Recurring Model

The Recurring Model is similar enough to the Unlimited Tasks Subscription Model — truth be told, the latter is a type of the former. The only difference lies in the fixed scope. Instead of agreeing on an unlimited number of services, you can offer a specific package each month. If your potential customers know just how much they need in their ongoing content production — for example, four articles per month — such a productized offering could grab their attention. 

If you’re afraid that your existing clients aren’t used to such limited offers, you can diversify them as you wish. You can introduce a pricing structure that fits into any budget, use upselling and cross-selling techniques, or offer addons to personalize the service to any heart’s desire. Remember though that giving too much choice might push you back towards a customized service and all the disadvantages that come with it, as well as extend the sales cycle unnecessarily. 

Your Own Model!

Of course, these are only two propositions that can be clearly defined. But there’s nothing stopping you from creating your own subscription-based business model, so don’t hold back if you have any ideas. As long as your clients can make sense of what you offer and don’t need to hop on a call to understand it all, you’re safe.

After all, the biggest benefits that stem from productized services is saving time while generating more revenue thanks to streamlined, automated processes. If your business idea doesn’t match that, it seems like you’ve overcomplicated your service, making it no different from a customized services business we want to run away from so desperately.

Seems like an easy task? Not really. Many companies fail at that hard, while others try to disguise their custom solution under a fake productized service costume. If you see a list of described services in detail but then are led to the “schedule a meeting with us!” subpage instead of checkout, you might feel cheated. So be upfront about your services and don’t try to bait potential customers with false transparency. 

Recurring Productized Services Examples

To give you a better idea of how recurring productized services can look like, let’s see some examples.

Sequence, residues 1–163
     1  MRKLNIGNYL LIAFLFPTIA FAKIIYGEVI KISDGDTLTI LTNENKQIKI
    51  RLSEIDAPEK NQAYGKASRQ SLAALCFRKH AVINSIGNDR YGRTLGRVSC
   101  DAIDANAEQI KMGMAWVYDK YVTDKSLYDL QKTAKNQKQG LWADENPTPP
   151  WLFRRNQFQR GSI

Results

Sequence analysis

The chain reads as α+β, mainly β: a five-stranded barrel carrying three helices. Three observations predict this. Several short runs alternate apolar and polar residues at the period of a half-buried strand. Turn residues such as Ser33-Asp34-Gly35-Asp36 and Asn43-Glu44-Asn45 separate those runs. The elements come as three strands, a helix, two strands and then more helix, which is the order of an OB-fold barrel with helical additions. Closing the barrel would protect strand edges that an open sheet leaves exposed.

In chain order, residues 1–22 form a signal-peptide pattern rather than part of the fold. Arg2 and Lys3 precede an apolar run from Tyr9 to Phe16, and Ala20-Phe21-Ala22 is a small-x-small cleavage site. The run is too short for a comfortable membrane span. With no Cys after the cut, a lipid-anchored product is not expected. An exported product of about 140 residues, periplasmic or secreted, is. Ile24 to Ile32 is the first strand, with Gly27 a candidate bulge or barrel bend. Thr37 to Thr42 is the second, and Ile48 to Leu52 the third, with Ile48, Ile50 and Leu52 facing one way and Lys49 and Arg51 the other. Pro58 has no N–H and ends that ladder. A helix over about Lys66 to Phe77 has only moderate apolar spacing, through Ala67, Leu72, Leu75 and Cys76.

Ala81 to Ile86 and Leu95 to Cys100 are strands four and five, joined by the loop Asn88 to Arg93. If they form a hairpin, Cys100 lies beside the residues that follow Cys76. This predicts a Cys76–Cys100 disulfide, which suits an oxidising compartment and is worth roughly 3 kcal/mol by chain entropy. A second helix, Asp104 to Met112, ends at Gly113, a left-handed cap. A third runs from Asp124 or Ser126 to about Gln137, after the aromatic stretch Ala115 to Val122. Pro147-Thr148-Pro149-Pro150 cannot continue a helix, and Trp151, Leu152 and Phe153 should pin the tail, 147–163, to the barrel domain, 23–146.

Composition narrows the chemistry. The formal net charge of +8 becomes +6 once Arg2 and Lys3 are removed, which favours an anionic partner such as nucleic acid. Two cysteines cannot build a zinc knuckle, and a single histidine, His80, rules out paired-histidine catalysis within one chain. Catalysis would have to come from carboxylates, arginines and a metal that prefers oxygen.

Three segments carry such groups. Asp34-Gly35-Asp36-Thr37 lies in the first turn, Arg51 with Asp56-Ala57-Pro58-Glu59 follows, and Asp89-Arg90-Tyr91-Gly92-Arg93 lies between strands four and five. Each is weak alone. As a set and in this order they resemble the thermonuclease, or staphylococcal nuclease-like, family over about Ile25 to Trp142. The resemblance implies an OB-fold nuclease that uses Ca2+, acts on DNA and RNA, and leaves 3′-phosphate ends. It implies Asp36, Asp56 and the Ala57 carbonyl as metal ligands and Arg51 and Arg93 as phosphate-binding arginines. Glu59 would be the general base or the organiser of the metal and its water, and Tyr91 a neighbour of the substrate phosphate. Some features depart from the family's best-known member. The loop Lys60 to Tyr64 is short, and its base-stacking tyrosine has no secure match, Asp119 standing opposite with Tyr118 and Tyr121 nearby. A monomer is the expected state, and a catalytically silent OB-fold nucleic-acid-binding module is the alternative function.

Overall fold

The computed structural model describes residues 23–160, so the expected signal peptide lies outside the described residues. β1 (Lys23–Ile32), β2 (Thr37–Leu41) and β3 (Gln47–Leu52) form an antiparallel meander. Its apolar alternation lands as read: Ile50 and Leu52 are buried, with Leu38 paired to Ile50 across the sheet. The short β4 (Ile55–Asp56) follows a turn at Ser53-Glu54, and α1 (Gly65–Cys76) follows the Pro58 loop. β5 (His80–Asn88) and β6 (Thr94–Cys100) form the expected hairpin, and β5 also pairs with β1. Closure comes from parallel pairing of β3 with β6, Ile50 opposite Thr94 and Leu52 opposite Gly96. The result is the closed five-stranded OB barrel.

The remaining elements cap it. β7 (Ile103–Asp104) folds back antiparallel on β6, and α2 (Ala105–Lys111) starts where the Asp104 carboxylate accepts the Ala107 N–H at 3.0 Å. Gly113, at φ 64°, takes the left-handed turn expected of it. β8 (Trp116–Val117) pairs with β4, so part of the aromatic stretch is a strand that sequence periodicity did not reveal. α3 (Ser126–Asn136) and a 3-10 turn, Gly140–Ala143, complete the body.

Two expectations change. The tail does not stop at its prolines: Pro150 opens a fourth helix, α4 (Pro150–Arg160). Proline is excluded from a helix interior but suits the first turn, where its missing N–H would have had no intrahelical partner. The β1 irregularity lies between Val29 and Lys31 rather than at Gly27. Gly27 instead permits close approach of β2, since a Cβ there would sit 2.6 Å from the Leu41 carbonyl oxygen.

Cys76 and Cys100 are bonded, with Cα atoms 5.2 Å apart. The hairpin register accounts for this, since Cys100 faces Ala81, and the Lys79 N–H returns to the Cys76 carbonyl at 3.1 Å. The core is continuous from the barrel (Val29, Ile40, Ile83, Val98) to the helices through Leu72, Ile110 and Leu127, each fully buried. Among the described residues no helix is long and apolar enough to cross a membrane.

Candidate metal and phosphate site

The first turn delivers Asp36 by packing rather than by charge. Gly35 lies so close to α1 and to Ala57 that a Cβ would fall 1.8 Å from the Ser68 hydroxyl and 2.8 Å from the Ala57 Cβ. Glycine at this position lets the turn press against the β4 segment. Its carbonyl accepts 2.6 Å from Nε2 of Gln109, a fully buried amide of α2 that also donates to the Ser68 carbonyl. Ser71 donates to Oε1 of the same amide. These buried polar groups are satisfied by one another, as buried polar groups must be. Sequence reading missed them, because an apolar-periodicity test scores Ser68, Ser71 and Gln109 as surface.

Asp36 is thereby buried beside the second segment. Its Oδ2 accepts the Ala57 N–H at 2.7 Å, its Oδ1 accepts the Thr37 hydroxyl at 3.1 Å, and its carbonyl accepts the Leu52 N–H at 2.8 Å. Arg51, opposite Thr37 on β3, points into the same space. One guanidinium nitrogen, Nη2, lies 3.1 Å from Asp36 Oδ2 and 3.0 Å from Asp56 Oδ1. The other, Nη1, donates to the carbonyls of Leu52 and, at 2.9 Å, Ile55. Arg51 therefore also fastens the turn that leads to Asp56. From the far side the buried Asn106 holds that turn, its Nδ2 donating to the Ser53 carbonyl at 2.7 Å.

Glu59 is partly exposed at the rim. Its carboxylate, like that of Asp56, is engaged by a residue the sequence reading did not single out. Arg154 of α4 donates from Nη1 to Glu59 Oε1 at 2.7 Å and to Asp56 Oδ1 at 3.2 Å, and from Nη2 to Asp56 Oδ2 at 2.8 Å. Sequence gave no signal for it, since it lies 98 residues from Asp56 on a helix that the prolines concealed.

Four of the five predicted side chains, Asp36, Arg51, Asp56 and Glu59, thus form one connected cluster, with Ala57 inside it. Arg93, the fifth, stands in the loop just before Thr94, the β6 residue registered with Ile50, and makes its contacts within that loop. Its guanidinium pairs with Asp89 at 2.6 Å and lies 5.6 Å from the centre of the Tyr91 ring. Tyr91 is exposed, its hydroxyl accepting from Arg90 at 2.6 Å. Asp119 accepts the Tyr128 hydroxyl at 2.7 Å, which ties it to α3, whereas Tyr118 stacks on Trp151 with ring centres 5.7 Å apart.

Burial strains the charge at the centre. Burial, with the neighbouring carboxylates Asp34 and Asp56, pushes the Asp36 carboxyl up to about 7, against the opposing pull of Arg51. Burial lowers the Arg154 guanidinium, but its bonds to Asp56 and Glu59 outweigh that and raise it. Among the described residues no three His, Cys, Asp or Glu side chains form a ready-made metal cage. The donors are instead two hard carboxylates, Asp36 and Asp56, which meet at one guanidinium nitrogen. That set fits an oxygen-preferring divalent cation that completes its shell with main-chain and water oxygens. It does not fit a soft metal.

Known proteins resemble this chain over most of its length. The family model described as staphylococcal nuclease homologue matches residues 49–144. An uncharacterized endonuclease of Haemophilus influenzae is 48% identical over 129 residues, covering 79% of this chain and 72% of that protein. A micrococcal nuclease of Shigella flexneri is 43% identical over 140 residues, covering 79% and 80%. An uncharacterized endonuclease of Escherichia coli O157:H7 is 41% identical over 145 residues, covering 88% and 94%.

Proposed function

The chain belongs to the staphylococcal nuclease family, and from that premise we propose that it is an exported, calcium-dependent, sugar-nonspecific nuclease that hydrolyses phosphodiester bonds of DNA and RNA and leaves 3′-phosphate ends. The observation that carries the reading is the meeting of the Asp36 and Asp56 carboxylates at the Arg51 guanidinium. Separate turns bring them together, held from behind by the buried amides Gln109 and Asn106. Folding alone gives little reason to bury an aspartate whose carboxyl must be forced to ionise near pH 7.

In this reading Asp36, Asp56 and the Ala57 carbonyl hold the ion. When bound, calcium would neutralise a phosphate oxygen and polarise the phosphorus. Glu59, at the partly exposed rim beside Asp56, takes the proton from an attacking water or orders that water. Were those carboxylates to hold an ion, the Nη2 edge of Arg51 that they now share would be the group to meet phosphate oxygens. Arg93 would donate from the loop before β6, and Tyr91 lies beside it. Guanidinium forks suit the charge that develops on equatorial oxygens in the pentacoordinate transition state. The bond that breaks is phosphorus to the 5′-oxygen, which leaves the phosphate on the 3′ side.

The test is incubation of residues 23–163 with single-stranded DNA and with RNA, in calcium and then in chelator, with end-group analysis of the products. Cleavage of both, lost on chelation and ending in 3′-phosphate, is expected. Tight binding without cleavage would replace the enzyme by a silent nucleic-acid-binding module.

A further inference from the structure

DotYeti is a graphic design platform that can be accessed through a monthly fee. There are three pricing tiers: Basic ($449/mo), Premium ($1,145/mo), and Royal ($2,395/mo). If you agree to pay for 3 or 6 months, the prices will be lower to make long business relationships sweeter. Once you agree to it, you gain access to the platform where you can submit requests. Depending on the plan, you get a designer, designer with illustrator, or a whole team; you can also have one, two, or two projects with a backlog pending, among many other things.  

Screenshot of three pricing tiers of DotYeti recurring productized service: Basic ($449/mo), Premium ($1,145/mo), and Royal ($2,395/mo). Basic is described as "perfect for teams that need a few designs", Premium as "perfect for marketing, sales and growth teams that need a brand refresh" and the Royal as "perfect fot those wo want a full-service creative team".
DotYeti’s subscription-based productized service

Another example is ContentBacon, a digital marketing firm specializing in creating custom content for businesses. Its subscription-based productized service offering comes in three pricing tiers: Launch ($2,200/mo), Grow ($6,500/mo), and Scale ($10,500/mo). The main difference between them is the number of output: for example, you can choose 4, 8, or 12 blog posts per month or 36, 72, or 108 social media posts. So whether you need moderate or very thorough help, ContentBacon has got you covered. 

Screenshot of ContentBacon's pricing for its recurring productized service in three tiers: Launch ($2,200/mo), Grow ($6,500/mo), and Scale ($10,500/mo). The first one focuses on an optimized blog strategy, Grow additionally aims to increase web traffic and lead generation, and Scale doubles that down.
ContentBacon’s subscription-based productized service

Last but not least, UnlimitedWP is another great example of a subscription-based productized service model. It’s a white-label WordPress agency offering various services focused on WordPress, from development, optimization, and support. It has three pricing tiers: Starter ($647/mo), Pro ($1297/mo), and Business ($2,597/mo). The main difference lies between the number of hours; you can get 1 – 2, 2 – 4, and 4 – 8 hours of daily work from WordPress specialists.   

Screenshot of Unlimited WP pricing of its recurring productized service in three tiers: Starter ($647/mo), Pro ($1297/mo), and Business ($2,597/mo). Starter offers 1-2 hours of daily work, Pro offers 2-4, and Business 4-8.